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Berthe Morisot
(1841-1895)

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Berthe Morisot (1841-1895), French Impressionist painter. She was the daughter of a top civil servant in the Department of Cher and a grand-niece of the Rococo painter Fragonard. She started to take lessons in drawing in 1857. Berthe Morisot was a tireless copyist. She began with the Old Masters and ended with Corot, whose work she had the advantage of discussing with the artist himself. In 1860-1862 she was a pupil of Corot together with her sister Edna (later Mme Pontillon). Corot advised her to go to Auvers-sur-Oise and learn to paint plein-air.

Influenced by Camille Corot and Édouard Manet, she gave up her early classical training to pursue an individualistic Impressionistic style that became distinctive for its delicacy and subtlety. In 1874 she married Eugene Manet, the brother of Edouard Manet. Among her closest friends and admirers was the French poet Stéphane Mallarmé, whom she met in her brother-in-law's (Edouard Manet) house.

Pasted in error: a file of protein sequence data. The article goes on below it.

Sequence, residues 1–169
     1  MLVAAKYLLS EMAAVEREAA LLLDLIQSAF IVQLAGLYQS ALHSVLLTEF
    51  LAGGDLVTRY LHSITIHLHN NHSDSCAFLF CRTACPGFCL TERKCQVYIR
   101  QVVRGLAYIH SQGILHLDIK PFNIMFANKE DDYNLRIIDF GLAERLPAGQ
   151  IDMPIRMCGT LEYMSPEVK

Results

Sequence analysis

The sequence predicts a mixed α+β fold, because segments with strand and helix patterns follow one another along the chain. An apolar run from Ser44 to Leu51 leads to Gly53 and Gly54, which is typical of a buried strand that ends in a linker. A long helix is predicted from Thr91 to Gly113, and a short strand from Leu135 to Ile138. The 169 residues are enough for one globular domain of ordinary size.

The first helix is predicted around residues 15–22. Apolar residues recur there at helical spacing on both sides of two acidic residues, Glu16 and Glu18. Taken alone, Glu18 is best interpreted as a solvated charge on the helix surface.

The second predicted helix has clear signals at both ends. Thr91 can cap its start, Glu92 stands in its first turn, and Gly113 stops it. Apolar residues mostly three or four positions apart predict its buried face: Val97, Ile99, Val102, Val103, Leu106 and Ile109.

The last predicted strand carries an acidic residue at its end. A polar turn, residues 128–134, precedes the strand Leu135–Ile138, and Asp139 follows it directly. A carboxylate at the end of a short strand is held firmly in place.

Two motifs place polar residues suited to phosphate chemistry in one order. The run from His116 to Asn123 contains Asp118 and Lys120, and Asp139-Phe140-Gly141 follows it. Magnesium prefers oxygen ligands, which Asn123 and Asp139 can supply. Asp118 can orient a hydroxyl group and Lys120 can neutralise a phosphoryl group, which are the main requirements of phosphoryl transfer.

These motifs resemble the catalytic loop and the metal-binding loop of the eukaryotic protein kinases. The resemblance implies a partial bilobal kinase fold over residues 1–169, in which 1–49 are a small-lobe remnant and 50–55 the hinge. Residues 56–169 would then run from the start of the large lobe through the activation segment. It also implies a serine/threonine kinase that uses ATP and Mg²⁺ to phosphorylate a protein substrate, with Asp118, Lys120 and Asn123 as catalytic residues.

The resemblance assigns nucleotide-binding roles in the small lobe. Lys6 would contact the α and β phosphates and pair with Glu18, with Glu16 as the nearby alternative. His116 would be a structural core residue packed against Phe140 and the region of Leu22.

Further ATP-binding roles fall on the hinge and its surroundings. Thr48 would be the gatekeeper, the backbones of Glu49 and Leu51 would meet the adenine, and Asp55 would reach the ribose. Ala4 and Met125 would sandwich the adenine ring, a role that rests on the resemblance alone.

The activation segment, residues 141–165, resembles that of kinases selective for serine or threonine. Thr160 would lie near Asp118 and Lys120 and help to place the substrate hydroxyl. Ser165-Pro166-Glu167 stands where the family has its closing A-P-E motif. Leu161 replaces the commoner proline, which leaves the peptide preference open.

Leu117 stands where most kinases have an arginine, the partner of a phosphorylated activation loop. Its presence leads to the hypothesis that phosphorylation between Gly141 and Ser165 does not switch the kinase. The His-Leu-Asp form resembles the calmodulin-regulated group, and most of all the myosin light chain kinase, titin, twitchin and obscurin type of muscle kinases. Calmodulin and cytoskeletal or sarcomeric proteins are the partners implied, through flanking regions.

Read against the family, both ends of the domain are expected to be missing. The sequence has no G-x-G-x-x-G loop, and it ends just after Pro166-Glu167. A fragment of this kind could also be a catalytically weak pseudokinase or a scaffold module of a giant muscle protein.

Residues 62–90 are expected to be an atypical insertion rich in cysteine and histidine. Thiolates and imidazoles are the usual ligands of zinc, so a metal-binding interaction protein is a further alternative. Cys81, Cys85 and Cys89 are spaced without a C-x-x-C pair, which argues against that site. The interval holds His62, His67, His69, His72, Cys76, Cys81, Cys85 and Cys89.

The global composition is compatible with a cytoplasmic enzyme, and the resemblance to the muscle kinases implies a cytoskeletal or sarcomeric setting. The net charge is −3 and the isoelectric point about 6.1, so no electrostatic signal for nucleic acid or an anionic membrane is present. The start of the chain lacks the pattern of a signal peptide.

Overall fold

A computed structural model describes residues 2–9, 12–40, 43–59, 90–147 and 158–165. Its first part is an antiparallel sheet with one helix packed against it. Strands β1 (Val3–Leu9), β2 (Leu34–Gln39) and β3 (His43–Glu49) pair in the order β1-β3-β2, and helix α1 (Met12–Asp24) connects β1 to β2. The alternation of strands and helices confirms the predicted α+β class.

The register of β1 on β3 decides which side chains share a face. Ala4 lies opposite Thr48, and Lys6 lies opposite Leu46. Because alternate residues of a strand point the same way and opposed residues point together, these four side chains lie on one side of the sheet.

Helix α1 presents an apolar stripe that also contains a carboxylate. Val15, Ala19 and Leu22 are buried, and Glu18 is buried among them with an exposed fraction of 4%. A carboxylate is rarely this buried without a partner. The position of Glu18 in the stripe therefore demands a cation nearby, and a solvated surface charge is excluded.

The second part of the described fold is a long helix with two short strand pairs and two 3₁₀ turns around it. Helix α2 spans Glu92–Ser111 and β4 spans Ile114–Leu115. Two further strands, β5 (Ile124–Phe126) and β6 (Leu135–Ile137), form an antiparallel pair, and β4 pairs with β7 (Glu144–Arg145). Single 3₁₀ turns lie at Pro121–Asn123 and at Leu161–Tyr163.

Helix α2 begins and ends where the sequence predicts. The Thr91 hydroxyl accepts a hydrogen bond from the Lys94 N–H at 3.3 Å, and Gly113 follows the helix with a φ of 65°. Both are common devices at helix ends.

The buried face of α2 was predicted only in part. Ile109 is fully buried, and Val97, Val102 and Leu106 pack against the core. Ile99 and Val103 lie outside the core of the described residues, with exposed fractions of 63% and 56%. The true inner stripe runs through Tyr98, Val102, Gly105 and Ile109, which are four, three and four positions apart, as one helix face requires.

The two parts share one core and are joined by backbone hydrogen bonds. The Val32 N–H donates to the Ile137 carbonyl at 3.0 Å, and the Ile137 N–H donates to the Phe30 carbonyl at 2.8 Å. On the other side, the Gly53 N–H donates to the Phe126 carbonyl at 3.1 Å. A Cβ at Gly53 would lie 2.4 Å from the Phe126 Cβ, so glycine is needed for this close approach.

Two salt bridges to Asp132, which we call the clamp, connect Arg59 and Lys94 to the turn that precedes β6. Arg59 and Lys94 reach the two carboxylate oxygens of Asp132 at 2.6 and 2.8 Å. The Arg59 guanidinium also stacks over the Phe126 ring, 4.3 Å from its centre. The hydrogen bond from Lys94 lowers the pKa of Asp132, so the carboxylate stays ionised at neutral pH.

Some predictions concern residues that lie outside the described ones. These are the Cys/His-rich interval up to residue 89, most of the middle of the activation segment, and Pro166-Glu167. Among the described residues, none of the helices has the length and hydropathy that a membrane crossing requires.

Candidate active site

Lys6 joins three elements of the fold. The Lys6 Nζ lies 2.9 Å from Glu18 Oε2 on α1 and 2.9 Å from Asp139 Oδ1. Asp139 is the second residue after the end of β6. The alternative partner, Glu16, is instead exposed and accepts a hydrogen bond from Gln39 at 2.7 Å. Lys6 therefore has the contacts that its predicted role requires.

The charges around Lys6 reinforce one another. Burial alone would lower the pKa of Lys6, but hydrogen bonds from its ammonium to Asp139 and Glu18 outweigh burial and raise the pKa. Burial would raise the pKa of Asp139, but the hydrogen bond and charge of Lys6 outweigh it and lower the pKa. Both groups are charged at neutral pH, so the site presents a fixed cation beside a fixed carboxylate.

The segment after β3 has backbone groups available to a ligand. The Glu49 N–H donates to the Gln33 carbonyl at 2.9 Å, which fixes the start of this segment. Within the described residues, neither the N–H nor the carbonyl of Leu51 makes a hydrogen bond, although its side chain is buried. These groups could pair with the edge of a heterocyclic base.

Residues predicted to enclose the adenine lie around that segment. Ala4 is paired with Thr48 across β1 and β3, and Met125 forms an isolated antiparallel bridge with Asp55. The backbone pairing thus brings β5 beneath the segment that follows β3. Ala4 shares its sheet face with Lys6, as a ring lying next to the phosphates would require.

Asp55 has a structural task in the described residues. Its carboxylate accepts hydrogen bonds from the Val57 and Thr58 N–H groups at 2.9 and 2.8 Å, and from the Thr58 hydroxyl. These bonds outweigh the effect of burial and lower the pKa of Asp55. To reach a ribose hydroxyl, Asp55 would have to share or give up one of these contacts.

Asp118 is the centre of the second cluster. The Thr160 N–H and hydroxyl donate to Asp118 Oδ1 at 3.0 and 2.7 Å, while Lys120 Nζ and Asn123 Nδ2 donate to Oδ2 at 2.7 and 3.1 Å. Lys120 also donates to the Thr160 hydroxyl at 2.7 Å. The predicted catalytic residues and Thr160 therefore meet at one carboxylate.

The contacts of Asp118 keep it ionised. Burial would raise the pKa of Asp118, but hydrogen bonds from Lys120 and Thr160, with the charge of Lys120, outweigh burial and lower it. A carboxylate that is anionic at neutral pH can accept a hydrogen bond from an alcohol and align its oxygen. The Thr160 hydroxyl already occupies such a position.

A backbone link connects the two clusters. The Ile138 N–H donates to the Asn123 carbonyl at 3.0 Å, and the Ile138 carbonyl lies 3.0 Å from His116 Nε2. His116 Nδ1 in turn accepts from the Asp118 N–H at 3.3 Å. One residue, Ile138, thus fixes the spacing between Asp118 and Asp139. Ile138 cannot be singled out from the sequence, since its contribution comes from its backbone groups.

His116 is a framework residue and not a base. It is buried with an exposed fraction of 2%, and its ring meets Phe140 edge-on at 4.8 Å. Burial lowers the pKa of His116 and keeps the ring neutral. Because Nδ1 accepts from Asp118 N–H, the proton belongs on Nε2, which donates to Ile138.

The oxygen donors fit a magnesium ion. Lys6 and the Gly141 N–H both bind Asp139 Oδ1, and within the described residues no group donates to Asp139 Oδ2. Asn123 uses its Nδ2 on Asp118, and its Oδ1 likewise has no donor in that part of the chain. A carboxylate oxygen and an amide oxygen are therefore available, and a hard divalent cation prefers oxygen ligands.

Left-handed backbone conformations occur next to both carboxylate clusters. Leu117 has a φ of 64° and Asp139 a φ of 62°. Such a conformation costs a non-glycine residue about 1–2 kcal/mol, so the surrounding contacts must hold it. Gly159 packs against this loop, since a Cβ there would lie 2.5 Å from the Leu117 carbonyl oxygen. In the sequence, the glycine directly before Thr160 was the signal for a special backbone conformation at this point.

Manama 1972. Edouard Manet. Portrait of Berthe Morisot. France 1995. Berthe Morisot. "The Cradle". New Caledonia 1986. Berthe Morisot. "Buttrfly Hunt".
France 2006. Berthe Morisot: "Chasing Butterflies". created 1874.

Her technique, based on large touches of paint applied freely in every direction, give her works a transparent, iridescent quality. She worked both in oil and in water colour, producing mainly landscapes and scenes of women and children. 

  • France 2006. Berthe Morisot: "Chasing Butterflies". created 1874. Issued in a booklet of 10 self-adhesive stamps dedicated to the Impressionists. The stamp is a so-called NVI (No Value Indicated), and is permanently valid for domestic letters [within France] up to 20 grams. 

In 1892 she lost her husband, and bought a château in Mesnil, where she lived until her death three years later. In 1895, after her death a large memorial exhibition took place at Durand-Ruel’s with 300 pictures; the catalogue introduction was written by her friend Stéphane Mallarmé. 

With her fresh, bright impressions of happy domestic life, Berthe Morisot was an important contributor to Impressionism.

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